Ottawa’s ‘Catch me if you can’ hacker Guilty in Swatting case; Anonymous didn’t Frame him, Judge says
He’s the Ottawa hacker who liked to brag at school about his online powers, the ones he abused.
Out of twisted revenge for his own troubles at school, the 16-year-old boy launched a dark online campaign in 2014, first by calling in a fake bomb threat at his own school, and then beyond.
And he made time to taunt police on Twitter, saying “Catch me if you can.”
Well, they did.
On Friday, the Barrhaven teen who terrorized children by calling in fake bomb threats at schools across Canada and the United States was convicted of the swatting crimes.
Ontario Court Justice Mitch Hoffman found the teen guilty on 34 counts (from public mischief to uttering threats) related to a series of fake bomb calls that prompted SWAT teams to respond to schools from Calgary to Florida.
The boy used a Twitter account to advertise his swatter-for-hire services, and business was brisk, with troubled teens enlisting him to call in bomb threats to their schools.
A 14-year-old Ontario boy enlisted the hacker to call in a bomb threat at his school because he wanted to be cool. He felt anything but cool when detectives came calling, and he promptly gave a tearful confession.
In some cases, the Barrhaven hacker would give advance warning on Twitter and later claim responsibility.
The judge-alone trial that began in 2015 also heard a Quebec boy who used the hacker’s swatter-for-hire services also confessed on the spot and later pleaded guilty for enlisting him to call in a bomb threat to his Laval high school.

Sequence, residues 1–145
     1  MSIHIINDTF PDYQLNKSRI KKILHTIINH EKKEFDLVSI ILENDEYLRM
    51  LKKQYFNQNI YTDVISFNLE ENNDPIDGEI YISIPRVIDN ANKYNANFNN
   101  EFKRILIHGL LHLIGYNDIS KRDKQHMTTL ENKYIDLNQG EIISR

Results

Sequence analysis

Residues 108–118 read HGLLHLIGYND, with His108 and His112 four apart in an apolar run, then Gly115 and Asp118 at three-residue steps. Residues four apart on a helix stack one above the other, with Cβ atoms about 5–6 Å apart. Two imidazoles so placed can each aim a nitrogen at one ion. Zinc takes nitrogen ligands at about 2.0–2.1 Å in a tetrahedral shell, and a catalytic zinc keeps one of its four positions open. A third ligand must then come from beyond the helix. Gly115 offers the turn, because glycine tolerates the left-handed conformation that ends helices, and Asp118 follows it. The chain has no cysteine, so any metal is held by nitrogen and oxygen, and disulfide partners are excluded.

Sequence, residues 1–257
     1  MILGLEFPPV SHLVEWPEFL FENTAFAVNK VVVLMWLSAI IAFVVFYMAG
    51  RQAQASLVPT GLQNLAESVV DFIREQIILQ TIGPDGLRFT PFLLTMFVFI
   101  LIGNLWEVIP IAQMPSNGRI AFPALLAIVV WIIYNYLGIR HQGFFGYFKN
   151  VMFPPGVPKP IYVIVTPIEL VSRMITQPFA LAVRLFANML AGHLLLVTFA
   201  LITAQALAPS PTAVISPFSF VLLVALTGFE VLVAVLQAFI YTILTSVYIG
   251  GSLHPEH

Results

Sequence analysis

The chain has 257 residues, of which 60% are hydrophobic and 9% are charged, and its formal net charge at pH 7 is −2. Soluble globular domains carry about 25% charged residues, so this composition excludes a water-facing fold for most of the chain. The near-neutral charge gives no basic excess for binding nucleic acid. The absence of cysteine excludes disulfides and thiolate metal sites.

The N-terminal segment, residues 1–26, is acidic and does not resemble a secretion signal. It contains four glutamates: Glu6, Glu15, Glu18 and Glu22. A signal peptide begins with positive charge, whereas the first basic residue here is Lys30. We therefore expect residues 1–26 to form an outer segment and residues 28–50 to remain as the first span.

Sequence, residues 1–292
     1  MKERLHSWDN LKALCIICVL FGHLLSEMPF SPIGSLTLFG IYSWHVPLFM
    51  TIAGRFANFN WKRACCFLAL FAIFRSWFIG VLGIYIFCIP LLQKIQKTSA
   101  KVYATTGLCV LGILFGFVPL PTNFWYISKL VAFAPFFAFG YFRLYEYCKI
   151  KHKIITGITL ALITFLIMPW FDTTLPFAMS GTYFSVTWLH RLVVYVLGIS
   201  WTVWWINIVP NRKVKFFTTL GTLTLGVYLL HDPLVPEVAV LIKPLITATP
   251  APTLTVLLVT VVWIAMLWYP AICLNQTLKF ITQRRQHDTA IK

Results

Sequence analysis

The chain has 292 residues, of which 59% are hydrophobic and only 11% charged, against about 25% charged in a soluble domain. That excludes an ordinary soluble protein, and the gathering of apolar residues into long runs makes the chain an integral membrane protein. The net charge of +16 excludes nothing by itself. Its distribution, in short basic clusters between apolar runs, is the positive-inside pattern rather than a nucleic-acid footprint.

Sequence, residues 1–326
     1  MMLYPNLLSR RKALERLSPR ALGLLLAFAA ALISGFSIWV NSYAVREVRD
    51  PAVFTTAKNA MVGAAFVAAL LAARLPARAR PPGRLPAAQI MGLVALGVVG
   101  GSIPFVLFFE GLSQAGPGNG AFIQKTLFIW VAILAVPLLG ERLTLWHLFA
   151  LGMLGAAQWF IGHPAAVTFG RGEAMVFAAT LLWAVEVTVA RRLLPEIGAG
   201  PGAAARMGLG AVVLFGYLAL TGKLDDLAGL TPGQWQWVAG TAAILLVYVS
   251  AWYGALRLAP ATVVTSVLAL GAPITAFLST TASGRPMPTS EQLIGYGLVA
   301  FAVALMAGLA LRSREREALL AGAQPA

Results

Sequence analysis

The judge also rejected the boy’s cover story, in which he claimed he had been framed by Anonymous, the international hacktivist collective.
The judge said Anonymous may have methods that some disagree with, but the hacktivist group is known for its justice crusades and political goals, and was certainly not in the business of framing “innocent persons and terrorizing schoolchildren.”
The judge also said there was no evidence “in real life, nor online” to suggest, even “theoretically” that the teen had been framed.
“It is not a rational deduction that the (teen) was framed,” Hoffman told court in a day-long reading of his verdict in the high-profile case.
The judge also rejected the defence-raised suggestion that a third-party could have planted the evidence on the boy’s computer that police seized. The judge noted the boy is a “sophisticated computer user” who was frequently online and known for stocking up on anti-virus software. It would be implausible for this to go undetected, he said. The judge also rejected that a third-party suspect could have remotely accessed the boy’s computer through a Trojan program.
In all of the fake calls to police, court heard, the accused mostly disguised his voice. But in one call, the accused is plainly heard as himself.
The Barrhaven hacker was also convicted for calling in a fake bomb threat to a Quebec shopping mall.
The judge praised Ottawa police detectives for an exhaustive investigation, which included analysis of more than 200,000 Skype and chat logs on the boy’s computer.
Assistant Crown attorney Kerry McVey led the successful prosecution against the teen who still has outstanding warrants in Florida.
Some of the hacker’s targets — including an Ottawa teen — were wrongly arrested after he spoofed their online identity to make it look like they were the ones who had called in the threat. The Ottawa teen was later released.
The boy — whose identity is shielded by law — was arrested by Ottawa police in 2014 after the U.S. Federal Bureau of Investigation traced his IP address to his parents’ home in Barrhaven and forwarded the information, court heard.
The boy, represented by defence lawyer Joshua Clarke, was acquitted on four counts related to swatting calls in California.
The teen awaits sentencing.